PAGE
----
- Your attempt to get another phone from Sprint is what tickled NCO. Since it's still an open case, they updated your credit history accordingly.

Look, all of this seems on the up-and-up to me. You owe money. Asking NCO for documentation of the charges is fine and expected, but the ones here advocating a path of trying to game the process is just wrongheaded.

You want it off your record? Pay the debt. Then ask NCO to remove it. It will likely take a bit of patience and determination on your part, but, well, you put yourself in this situation, dude. This is what happens.
posted by mkultra at 10:10 AM on July 7, 2007


Don't do what mkultra says. If you feel the need to give scum money, at least get an agreement in writing that they'll remove their reporting before you pay them.

Regardless of all that, if they can't document, they must remove the item from your credit report. That doesn't mean you can't pay them if you want to, it just means that they have to remove it. mkultra is way off base here.

Actually owing a debt and what is on your credit report are two entirely different and only somewhat related things.

On a ChatFiltery note, I don't understand why it is that some people never graduate past a 10 year old level of understanding of morality, and insist you should just take your lumps, when in all probability the OP didn't set out to con SPCS out of anything, but instead got into that situation through unfortunate circumstance.

As I said earlier, if you do want to pay off the debt, that's excellent, but you should try to get Sprint to recall the debt from NCO and pay Sprint, since they're the ones to whom you really owe the money. NCO is a bunch of scum.
posted by wierdo at 10:41 AM on July 7, 2007


If you feel the need to give scum money

Say what you want about the business model of debt collection agencies, but let's not forget the original issue- the poster dodget a debt. This isn't some kind of shakedown.

I don't understand why it is that some people never graduate past a 10 year old level of understanding of morality, and insist you should just take your lumps, when in all probability the OP didn't set out to con SPCS out of anything, but instead got into that situation through unfortunate circumstance.

I'm not suggesting that the OP is conning anyone. But your characterization of what happened as "unfortunate circumstance" is inherently at odds with:

NCO offered me several enticing settlements, around 50% of the total debt. I ignored these offers as well and left them in the dark as to whether I would be ever be paying this debt.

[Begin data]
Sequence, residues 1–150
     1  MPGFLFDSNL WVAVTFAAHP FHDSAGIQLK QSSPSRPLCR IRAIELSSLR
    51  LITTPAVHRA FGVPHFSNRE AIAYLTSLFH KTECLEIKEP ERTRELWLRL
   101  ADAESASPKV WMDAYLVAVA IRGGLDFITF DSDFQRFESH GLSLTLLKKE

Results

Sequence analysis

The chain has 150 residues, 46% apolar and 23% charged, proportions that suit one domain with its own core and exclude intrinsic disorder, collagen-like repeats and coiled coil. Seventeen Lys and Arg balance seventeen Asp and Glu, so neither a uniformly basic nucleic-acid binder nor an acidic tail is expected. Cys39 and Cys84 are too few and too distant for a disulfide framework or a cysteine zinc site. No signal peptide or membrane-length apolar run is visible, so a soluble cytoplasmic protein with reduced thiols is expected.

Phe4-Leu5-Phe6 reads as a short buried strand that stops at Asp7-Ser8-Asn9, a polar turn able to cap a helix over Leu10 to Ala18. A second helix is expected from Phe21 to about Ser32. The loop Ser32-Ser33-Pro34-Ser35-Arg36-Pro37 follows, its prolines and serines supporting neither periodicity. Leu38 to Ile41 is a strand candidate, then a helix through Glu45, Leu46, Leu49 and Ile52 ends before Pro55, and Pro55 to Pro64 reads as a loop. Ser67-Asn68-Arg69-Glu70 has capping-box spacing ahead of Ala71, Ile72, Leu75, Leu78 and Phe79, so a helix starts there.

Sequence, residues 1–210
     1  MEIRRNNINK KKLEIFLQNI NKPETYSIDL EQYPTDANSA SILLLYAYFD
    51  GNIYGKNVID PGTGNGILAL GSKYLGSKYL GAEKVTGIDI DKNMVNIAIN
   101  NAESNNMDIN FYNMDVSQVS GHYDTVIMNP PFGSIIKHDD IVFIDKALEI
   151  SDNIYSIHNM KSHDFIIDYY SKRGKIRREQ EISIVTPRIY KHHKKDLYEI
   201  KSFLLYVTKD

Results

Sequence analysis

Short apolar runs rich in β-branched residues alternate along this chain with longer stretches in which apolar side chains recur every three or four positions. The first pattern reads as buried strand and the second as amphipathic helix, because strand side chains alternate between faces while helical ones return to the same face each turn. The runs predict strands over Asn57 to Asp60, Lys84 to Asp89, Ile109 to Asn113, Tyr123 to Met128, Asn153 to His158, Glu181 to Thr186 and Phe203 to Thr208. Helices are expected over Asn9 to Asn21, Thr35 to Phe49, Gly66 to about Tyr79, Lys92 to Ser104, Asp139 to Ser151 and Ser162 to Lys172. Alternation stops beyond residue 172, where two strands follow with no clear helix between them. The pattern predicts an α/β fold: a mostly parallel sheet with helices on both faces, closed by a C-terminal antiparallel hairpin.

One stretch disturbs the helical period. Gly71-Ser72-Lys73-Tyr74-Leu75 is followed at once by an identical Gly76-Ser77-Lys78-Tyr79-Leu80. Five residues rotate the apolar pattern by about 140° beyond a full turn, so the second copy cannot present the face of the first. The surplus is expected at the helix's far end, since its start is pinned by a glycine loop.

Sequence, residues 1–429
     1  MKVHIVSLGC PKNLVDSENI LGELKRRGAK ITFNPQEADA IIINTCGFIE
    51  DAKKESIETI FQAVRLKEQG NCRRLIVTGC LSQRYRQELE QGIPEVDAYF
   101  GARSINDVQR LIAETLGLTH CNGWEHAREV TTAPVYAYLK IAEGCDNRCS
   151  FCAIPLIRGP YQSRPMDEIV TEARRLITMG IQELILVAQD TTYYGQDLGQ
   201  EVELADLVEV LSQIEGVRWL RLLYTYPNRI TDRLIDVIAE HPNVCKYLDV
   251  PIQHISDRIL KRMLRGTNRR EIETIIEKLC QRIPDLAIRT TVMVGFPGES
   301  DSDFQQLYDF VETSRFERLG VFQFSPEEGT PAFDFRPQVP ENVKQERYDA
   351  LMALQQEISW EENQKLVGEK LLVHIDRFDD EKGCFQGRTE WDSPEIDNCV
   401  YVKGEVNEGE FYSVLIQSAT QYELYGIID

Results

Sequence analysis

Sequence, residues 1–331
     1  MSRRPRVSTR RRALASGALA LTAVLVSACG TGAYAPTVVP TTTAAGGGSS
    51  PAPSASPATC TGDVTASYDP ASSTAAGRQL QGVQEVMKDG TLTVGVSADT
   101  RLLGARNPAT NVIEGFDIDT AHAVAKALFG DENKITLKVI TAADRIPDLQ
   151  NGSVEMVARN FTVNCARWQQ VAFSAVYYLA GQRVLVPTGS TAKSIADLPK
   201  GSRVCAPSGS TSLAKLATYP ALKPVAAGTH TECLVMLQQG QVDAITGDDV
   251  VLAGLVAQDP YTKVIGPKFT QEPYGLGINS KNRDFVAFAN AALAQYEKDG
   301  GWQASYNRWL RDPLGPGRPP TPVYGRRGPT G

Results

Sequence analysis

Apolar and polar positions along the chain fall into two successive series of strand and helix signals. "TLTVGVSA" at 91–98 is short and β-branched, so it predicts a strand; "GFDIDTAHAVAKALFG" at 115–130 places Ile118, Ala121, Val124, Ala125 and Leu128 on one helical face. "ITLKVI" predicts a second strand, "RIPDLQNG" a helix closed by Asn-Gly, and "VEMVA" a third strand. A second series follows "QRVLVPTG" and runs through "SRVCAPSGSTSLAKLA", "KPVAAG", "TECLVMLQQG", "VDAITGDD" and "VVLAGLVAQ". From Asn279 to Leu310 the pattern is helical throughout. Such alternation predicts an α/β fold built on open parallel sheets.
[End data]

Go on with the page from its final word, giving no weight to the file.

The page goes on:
...

I continued to ignore the situation.


wierdo, you're reacting as if some grave injustice has been committed against doomtop, that he should really Stick It To The Man, and that he's entitled to essentially get away with not paying his debt.

I reiterate my earlier suggestion: Go through NCO (Sprint will just refer you back to them). Get documentation, but expect to have to pay this off. It's possible you can negotiate removal with them but again, it's going to cost you.
posted by mkultra at 11:01 AM on July 7, 2007


I have dealt with NCO financial before - they actually shoot straight. You have to pay, then they'll report the account as paid or settled. They will not remove it, because it is a legitimate default of a credit agreement.

They will not change the status ahead of time, either. Don't be naive - they're the ones holding the cards here and you ignore them at your peril.

The Sprint Charge Off will remain. Why? Because they charged it off. They've no reason not to "un-report it."

The rules were set in place before the account was opened. Both parties knew it. Both signed.
posted by TeamBilly at 12:21 PM on July 7, 2007


- Sprint sold your debt to a collection agency (How is this "gossip", btw? It was all probably quite well documented).

Since this doesn't seem the place for debating the morality of it all, and in the interest of mitigating the derail, I won't go into it. It's largely in the transcript I linked. If someone does want to debate it, feel free to email me or set up some MeTa thread. Suffice to say, and without commenting one way or another on the current situation, I think people can try to get negative marks off their credit while still being moral people who do keep their word.

posted by salvia at 8:48 PM on July 7, 2007


mkultra, while I appreciate your opinion of the situation, I was not really looking for advice on how I should handle the situation in general but more specifically advice on the most efficient way to get my credit report clean.

I am happy to pay the debt, but I am not willing to do so if that doesn't change the way my credit looks in any way. I have let it go on so long I have no incentive to pay it at all if it doesn't heal my credit, outside of a personal obligation.

I will pay my debt, to the company that I owe it, Sprint PCS. I have done no business with NCO Financial and I don't feel like I owe them anything.



growabrain (and others), thanks for the advice! I disputed the reported charge-off online and it was removed within five days!!

Now I should just need to clear my debt with Sprint and I can get a contract with them again. I can also move forward with the house I am trying to build for my family, which is why I am trying to clear up any debts, etc. that I currently have.
posted by doomtop at 7:10 AM on July 12, 2007